Problem drinking that becomes severe is given the medical diagnosis of alcohol use disorder (AUD). An estimated 16 million people in the US have AUD. It is characterized by compulsive alcohol use, loss of control over alcohol intake and a negative emotional state when not drinking alcohol.

To be diagnosed with AUD, you must meet criteria outlined in the Diagnostic and Statistical Manual of Mental Disorders (DSM). Anyone meeting any two of the 11 criteria below during the same 12-month period is diagnosed with AUD, according to the DSM-5, the current version of the DSM. The severity of AUD—mild, moderate or severe—is based on the number of criteria met. 

To assess whether you or a loved one may have AUD, here are some questions to ask. In the past year, have you…

  • Had times when you ended up drinking more or longer than you intended?
  • More than once wanted to cut down or stop drinking, or tried to, but couldn’t?
  • Spent a lot of time drinking? Or being sick or getting over the aftereffects?
  • Experienced craving—a strong need, or urge, to drink?
  • Found that drinking—or being sick from drinking—often interfered with taking care of your home or family? Or caused job troubles? Or school problems?
  • Continued to drink even though it was causing trouble with your family or friends?
  • Given up or cut back on activities that were important or interesting to you, or gave you pleasure, in order to drink?
  • More than once gotten into situations while or after drinking that increased your chances of getting hurt (such as driving, swimming, using machinery, walking in a dangerous area or having unsafe sex)?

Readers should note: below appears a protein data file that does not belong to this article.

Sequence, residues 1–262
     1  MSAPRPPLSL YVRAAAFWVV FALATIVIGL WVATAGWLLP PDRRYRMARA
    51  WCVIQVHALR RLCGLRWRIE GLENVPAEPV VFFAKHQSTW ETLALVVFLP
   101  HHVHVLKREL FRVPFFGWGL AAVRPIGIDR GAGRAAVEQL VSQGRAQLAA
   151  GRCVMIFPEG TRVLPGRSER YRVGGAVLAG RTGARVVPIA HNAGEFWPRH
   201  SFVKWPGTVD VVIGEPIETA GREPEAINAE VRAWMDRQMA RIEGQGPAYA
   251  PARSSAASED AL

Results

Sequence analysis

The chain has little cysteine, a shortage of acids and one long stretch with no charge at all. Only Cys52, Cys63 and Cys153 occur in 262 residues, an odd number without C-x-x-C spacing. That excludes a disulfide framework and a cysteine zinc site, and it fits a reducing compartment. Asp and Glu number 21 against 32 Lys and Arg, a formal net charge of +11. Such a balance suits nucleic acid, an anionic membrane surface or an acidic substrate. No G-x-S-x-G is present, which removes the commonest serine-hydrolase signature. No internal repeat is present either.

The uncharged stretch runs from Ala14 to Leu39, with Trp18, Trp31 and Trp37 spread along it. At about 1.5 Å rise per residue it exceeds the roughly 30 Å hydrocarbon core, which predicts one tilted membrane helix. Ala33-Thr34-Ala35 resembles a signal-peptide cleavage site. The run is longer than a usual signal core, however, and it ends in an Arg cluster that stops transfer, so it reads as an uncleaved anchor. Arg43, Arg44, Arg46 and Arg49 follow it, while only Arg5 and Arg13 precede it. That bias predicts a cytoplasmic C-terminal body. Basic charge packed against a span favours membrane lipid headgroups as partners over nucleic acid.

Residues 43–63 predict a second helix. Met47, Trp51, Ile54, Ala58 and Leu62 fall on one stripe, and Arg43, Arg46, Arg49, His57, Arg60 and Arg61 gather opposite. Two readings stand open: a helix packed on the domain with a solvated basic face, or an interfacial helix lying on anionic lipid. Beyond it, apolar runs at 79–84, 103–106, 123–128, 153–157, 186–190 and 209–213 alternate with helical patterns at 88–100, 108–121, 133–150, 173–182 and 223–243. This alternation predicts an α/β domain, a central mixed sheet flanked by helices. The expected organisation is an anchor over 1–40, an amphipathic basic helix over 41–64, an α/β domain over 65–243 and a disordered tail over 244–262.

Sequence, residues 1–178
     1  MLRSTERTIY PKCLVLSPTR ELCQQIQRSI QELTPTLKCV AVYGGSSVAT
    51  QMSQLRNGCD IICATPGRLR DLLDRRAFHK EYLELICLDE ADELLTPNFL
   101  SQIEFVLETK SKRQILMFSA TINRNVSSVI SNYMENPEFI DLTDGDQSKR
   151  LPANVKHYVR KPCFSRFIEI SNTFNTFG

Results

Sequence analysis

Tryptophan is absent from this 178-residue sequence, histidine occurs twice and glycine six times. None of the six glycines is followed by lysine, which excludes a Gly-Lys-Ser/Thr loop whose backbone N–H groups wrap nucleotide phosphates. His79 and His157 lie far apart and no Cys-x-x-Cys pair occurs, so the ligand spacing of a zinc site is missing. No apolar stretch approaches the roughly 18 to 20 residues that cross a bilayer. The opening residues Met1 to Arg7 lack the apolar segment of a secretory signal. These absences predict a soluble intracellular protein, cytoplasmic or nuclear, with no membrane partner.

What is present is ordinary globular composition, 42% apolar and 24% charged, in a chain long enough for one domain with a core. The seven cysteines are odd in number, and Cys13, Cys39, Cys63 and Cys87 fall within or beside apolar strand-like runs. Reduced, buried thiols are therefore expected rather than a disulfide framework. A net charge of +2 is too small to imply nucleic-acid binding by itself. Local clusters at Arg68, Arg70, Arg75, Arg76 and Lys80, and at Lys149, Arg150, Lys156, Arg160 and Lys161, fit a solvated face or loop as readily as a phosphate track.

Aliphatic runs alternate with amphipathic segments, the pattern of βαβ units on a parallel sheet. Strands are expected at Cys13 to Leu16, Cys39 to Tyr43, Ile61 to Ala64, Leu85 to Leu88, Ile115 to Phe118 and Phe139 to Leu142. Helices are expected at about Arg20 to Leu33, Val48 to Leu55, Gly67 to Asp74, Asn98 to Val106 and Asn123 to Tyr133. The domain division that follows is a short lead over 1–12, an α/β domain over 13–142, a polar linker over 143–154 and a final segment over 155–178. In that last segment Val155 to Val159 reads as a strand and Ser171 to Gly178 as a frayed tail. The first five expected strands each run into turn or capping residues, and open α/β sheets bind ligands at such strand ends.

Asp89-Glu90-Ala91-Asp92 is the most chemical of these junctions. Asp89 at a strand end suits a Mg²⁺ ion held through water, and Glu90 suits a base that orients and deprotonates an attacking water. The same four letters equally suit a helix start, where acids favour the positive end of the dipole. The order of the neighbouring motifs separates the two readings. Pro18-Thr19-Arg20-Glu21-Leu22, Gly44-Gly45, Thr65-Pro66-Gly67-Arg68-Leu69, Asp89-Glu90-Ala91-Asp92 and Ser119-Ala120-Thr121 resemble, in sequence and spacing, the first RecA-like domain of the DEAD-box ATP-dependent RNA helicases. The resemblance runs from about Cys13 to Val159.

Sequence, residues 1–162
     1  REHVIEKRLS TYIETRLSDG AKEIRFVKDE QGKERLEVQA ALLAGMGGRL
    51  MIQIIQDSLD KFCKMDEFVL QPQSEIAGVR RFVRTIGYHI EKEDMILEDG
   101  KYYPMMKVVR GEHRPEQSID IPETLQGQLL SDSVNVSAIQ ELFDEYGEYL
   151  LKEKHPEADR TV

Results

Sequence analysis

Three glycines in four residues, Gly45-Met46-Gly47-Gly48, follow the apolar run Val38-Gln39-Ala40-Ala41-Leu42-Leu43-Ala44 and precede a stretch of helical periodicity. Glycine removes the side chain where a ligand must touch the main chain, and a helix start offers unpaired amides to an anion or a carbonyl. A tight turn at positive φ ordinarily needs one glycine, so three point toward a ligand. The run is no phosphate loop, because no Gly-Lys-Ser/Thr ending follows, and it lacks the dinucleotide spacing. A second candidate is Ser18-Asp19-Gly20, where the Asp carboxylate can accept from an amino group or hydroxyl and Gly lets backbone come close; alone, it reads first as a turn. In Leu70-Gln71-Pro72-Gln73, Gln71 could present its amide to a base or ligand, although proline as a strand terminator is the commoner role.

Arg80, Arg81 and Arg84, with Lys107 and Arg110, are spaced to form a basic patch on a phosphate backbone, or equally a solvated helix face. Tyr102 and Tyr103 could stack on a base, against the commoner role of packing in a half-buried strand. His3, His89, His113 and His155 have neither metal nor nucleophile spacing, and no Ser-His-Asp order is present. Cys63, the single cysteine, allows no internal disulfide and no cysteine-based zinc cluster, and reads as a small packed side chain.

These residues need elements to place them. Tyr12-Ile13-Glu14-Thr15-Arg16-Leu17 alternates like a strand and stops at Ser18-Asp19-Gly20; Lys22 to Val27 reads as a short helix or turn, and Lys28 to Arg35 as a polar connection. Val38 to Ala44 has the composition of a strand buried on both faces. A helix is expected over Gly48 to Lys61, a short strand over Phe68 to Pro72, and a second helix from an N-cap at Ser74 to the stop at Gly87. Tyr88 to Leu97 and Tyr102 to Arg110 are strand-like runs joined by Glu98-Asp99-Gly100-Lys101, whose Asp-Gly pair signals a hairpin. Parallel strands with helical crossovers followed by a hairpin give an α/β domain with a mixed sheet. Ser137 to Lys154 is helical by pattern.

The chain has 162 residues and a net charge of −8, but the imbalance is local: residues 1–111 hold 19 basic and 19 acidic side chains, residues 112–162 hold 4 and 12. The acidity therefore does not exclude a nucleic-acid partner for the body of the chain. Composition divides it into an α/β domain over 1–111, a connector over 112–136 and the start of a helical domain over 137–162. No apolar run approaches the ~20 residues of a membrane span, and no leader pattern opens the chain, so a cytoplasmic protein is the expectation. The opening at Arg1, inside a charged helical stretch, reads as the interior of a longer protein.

• Continued to drink even though it was making you feel depressed or anxious or adding to another health problem? Or after having had a memory blackout?
  • Had to drink much more than you once did to get the effect you want? Or found that your usual number of drinks had much less effect than before?
  • Found that when the effects of alcohol were wearing off, you had withdrawal symptoms, such as trouble sleeping, shakiness, irritability, anxiety, depression, restlessness, nausea or sweating? Or sensed things that were not there?

If you have any of these symptoms, your drinking may already be a cause for concern. The more symptoms you have, the more urgent the need for change. To see if AUD is present, visit a health professional so a formal assessment of your symptoms can be done.

Source: Excerpted from “Alcohol Use Disorder” by the National Institutes of Health/National Institute on Alcohol Abuse and Alcoholism.